Friday, October 19News That Matters

After Graphic Sex Harassment Lawsuit Resurfaces, Shaun White Says: 'I Regret My Behavior'

Olympic snowboarder Shaun White on Wednesday issued his third comment in 24 hours about a 2016 sexual harassment lawsuit that was filed against him and later settled but which resurfaced in the public consciousness in the wake of his historic third gold medal win earlier that day.

“Representing Team USA at the Olympics in a sport that I love is a true honor, and I was thrilled to win gold,” White, 31, said in a statement to the New York Times. “I regret my behavior of many years ago and am sorry that I made anyone — particularly someone I considered a friend — uncomfortable.”

“I have grown and changed as a person, as we all grow and change, and am proud of who I am today,” White continued.

That statement followed two earlier public comments about the suit, which was initially filed in May 2016 by Lena Zawaideh, the former drummer in White’s band Bad Things, according to USA Today.

Zawaideh amended her suit in August of that year. It originally argued breach of contract, as she said she had not been paid her agreed-upon monthly fee, but  Zawaideh included new allegations of sexual harassment in the updated complaint, in part citing text messages between her and White.

White appears to have first been asked about the issue at a news conference Wednesday afternoon, following his first-place finish.

When a reporter questioned whether the allegations could cloud his legacy, White responded, “I’m here to talk about the Olympics, not gossip. But I don’t think so. I am who I am and I’m proud of who I am. And my friends love me and vouch for me, and I think that stands on its own.”

In an appearance hours later on NBC’s Today show which aired Wednesday morning stateside, White said he was “truly sorry” for the word “gossip” and added this:

“It’s a poor choice of words to describe such a sensitive subject in the world today. I’m just truly sorry. I was so overwhelmed with just wanting to talk about how amazing today was and share my experience.”

In a followup answer to co-anchor Savannah Guthrie, White said: “I’ve grown as a person over the years. You’ve known me for a long time now. It’s crazy how life works and twists and turns and lessons learned. Every experience in my life, I feel like it’s taught me a lesson and I definitely feel like I’m a much more changed person than I was when I was younger. I’m proud of who I am today.”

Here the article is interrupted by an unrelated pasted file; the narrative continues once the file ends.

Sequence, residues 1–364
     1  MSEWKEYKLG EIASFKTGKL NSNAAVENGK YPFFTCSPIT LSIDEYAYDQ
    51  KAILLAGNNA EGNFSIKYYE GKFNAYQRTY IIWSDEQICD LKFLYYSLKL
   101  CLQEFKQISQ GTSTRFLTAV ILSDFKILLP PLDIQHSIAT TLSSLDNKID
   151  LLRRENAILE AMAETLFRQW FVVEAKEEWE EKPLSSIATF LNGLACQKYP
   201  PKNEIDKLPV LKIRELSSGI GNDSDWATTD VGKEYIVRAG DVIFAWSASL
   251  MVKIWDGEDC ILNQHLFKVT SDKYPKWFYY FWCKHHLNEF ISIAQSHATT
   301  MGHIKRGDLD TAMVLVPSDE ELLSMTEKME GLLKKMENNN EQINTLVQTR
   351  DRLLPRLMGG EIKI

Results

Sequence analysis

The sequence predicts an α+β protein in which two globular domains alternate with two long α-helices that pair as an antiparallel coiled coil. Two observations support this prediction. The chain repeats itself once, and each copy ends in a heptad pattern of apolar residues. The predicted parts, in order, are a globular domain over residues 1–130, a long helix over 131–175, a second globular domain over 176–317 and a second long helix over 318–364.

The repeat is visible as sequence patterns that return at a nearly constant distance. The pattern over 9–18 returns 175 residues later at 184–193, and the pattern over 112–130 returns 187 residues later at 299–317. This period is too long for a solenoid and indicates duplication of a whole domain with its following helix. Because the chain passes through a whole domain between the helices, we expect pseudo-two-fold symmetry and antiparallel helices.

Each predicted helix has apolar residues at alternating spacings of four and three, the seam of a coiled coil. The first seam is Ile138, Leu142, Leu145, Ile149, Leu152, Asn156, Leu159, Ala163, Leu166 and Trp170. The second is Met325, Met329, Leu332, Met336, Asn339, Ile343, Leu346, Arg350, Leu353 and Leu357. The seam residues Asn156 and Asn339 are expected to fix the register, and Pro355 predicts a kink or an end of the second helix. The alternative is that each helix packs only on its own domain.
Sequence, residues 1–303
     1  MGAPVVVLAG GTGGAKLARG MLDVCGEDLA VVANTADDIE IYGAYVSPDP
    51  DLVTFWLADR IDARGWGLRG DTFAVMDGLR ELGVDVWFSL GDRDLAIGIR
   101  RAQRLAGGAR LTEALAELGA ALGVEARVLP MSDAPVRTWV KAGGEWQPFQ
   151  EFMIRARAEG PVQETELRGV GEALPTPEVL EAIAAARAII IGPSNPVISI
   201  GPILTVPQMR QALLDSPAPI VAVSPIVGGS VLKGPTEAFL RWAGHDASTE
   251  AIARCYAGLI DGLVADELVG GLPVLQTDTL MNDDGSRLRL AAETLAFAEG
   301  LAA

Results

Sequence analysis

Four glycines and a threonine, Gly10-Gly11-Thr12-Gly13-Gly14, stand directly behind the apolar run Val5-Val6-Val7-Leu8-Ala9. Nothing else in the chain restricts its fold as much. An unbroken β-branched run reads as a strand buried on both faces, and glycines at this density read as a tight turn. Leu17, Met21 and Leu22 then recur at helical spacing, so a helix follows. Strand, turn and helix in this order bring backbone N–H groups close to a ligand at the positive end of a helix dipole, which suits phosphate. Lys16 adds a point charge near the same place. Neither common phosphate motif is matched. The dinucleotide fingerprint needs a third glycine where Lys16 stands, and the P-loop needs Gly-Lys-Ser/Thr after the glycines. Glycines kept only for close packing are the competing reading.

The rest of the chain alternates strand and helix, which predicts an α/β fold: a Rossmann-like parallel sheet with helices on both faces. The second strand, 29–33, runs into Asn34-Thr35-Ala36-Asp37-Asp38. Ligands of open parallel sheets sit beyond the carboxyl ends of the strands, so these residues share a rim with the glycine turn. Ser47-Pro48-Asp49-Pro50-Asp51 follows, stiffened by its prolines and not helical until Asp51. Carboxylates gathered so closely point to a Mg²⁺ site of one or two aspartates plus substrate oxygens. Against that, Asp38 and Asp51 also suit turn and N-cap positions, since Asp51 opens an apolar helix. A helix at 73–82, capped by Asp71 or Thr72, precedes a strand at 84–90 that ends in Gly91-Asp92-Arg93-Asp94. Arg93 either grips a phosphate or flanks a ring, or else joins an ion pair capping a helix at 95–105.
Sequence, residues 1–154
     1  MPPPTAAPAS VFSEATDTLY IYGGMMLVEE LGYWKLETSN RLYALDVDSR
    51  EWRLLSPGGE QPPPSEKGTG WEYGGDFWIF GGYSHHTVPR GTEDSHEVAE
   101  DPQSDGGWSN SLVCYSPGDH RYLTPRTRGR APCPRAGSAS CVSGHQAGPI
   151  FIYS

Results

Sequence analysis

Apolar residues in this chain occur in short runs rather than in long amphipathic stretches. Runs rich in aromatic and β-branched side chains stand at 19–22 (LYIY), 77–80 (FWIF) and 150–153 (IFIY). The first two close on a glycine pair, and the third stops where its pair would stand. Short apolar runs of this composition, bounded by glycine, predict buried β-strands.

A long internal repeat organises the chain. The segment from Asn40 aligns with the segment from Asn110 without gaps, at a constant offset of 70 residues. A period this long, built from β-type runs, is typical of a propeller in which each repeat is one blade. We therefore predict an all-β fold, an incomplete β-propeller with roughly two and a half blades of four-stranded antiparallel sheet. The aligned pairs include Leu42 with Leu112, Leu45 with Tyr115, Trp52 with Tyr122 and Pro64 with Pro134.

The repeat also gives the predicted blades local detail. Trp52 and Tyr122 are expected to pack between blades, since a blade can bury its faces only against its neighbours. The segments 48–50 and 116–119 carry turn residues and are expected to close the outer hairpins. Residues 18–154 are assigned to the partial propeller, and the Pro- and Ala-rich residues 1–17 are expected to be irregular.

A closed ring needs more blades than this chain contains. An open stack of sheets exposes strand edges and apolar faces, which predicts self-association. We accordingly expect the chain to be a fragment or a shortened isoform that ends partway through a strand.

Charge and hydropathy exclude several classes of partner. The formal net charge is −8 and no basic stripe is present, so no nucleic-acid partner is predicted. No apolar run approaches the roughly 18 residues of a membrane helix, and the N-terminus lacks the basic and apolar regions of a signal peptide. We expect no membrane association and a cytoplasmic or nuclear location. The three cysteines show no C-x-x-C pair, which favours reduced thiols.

A rep for White has not responded to PEOPLE’s requests for further comment.

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In her amended suit, Zawaideh claimed White “repeatedly sexually harassed her and forced his authoritarian management style on her for over seven years,” and among other things allegedly sent her graphically sexual text messages, including images of penises, according to the Washington Post.

White was also accused of forcing “her to watch sexually disturbing videos, including videos sexualizing human fecal matter,” and making “vulgar sexual remarks to her such as, ‘Don’t forget to suck his balls!’ when commenting on her boyfriend.”

“At one point, White stuck his hands down his pants, approached Zawaideh, and stuck his hands in her face trying to make her smell them,” the suit alleged. “As the financier of Bad Things, White used his role to impose a strict regime over Zawaideh, going so far as to demand that she cut her hair, wear sexually revealing clothes and underwear, and refrain from wearing red lipstick.”

The entire complaint, which includes screenshots of text messages, was made available online by Deadspin.

In contrast to this week’s statements of contrition, White initially vehemently denied Zawaideh’s allegations.

“Many years ago, I exchanged texts with a friend who is now using them to craft a bogus lawsuit,” he reportedly said in a statement in 2016. “There is absolutely no coincidence to the timing of her claims, and we will defend them vigorously in court.”

He and Zawaideh, who has not publicly discussed the matter this week, eventually reached an undisclosed settlement in May 2017, according to the Post.